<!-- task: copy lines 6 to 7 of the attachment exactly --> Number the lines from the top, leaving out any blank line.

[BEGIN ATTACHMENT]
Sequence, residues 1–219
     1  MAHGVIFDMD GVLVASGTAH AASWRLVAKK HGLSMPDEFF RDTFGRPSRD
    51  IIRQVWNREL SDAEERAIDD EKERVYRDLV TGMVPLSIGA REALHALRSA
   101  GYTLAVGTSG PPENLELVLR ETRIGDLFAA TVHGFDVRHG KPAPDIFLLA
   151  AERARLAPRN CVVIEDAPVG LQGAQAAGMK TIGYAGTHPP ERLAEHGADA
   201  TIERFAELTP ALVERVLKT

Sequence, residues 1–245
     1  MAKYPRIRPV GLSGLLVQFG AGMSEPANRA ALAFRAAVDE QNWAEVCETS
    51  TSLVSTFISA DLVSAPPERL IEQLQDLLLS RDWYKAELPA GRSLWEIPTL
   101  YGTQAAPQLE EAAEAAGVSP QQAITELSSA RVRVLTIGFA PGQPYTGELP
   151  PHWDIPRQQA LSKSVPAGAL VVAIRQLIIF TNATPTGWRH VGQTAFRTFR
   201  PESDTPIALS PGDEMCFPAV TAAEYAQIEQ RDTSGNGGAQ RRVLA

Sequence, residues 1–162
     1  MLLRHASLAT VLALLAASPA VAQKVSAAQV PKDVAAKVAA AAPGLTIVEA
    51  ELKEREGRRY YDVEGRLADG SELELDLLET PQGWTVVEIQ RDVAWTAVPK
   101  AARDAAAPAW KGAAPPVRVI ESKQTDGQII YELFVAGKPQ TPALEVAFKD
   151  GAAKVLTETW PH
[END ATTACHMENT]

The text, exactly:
   201  TIERFAELTP ALVERVLKT

Sequence, residues 1–245